Last year, I entered a contest at Storymakers in Utah. The contest receives hundreds of entries but still provides feedback from a member of the esteemed Storymakers guild for the bargain price of $5. I was desperate for high-level feedback, so I tossed my $5 across the Internet and entered the contest. I skipped the awards luncheon because I assumed I wouldn't miss anything.
And then I WON.
It was a shock and the first real validation I'd had as a writer. But I missed my moment. Maybe it was funny (okay, it was a little funny).
Fast forward a year. I'm in that banquet room with another entry, convinced I'd at least place because fate owed me a do-over....and then I didn't.
I'd failed. I was nothing but a one-hit wonder. I couldn't replicate my success, so my success meant nothing.
I was an impostor.
My ego limped through the day. By Ally Condie's inspirational talk about art and creativity, the divide between what I hadn't accomplished while so many others had grew wider and wider until I needed to escape or despair.
As I left the ballroom, I ran into a Facebook acquaintance of mine, Nikki Trionfo, whose debut novel is featured on this site. (It's amazing. Check it out.)
"How are you?" Nikki asked.
My rant summarizes as my career is in the toilet before it's even begun.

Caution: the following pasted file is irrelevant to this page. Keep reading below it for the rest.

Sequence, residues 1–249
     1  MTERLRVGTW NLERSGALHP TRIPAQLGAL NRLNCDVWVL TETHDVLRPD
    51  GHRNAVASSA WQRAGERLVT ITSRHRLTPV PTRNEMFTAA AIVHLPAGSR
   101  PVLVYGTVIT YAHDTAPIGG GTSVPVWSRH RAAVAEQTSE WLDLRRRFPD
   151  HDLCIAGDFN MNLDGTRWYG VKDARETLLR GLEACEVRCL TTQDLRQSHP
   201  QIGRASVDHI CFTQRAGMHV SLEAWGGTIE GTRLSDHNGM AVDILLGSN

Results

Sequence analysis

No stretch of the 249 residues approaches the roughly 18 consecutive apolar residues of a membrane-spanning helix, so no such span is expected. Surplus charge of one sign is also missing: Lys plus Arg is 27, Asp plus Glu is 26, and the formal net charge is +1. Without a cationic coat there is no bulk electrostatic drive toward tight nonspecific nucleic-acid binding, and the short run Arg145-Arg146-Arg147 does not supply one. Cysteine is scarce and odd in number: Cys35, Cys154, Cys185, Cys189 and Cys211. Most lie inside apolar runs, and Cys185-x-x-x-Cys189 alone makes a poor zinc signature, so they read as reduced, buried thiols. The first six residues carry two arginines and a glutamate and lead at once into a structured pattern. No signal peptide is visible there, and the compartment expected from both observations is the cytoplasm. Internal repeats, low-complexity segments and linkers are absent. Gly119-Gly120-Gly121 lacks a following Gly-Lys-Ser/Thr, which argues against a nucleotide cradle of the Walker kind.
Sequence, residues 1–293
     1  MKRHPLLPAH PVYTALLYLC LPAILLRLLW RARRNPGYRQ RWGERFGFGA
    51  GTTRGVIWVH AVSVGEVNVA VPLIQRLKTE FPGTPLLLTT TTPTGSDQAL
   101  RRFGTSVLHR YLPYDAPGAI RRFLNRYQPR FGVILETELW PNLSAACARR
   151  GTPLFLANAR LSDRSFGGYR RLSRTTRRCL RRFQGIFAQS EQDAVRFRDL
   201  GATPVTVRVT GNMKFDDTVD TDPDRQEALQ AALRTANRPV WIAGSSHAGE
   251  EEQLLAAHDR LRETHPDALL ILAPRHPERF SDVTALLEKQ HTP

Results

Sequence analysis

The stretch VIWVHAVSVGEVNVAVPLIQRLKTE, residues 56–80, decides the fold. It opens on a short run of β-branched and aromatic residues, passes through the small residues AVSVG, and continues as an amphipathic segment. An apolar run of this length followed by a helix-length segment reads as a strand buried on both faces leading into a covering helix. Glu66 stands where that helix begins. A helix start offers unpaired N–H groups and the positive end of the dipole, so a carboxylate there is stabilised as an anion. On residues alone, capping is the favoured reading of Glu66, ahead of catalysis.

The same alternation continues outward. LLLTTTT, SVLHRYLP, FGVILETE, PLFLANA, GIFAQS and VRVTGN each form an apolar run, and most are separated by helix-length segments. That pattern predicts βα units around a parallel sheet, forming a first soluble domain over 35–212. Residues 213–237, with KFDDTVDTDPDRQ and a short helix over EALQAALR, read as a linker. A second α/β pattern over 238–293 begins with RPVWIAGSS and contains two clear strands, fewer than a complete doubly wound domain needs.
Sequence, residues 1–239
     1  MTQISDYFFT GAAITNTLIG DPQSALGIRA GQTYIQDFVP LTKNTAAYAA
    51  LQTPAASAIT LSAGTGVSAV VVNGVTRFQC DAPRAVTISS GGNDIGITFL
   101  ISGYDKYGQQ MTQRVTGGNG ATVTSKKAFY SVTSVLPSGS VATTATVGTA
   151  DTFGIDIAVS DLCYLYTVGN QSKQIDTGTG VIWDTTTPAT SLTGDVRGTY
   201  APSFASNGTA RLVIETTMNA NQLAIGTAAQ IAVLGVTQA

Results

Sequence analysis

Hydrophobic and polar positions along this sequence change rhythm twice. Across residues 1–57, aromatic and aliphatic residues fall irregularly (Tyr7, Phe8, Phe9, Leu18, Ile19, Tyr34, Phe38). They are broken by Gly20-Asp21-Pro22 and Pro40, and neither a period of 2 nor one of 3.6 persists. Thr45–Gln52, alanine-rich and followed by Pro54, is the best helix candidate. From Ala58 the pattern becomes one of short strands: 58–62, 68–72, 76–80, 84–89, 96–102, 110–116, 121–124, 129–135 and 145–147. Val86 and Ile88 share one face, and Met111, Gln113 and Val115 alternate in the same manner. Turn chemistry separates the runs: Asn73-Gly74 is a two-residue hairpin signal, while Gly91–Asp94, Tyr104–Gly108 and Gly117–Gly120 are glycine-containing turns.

Then everything went gloriously awry. Nikki blew the whistle on a train of thought so wonderful that I couldn't resist hopping aboard. We decided to win the #stealthyselfie contest - or at least make a good try for it. We laughed so hard as we staged the shot that workers at the convention center came to check on us.
James Dashner thought my selfie was genius. And on a bad day, that can mean an awful lot.
I wasn't in the room when it was announced - which, since that's happened TWICE in two years was as amusing to everyone as the selfie itself. And that photo and my absence and my willingness to laugh at both brought me a whole new Storymakers, one that had nothing to do with whether or not I'm a good writer. I focused on the friends and the networks and let my writing career slide away for a day. I needed a little fun and a lot of fangirling. I indulged shamelessly in both because what is art if not license for a life fully lived.
No run along and buy SHATTER. Nikki deserves all the good things in life.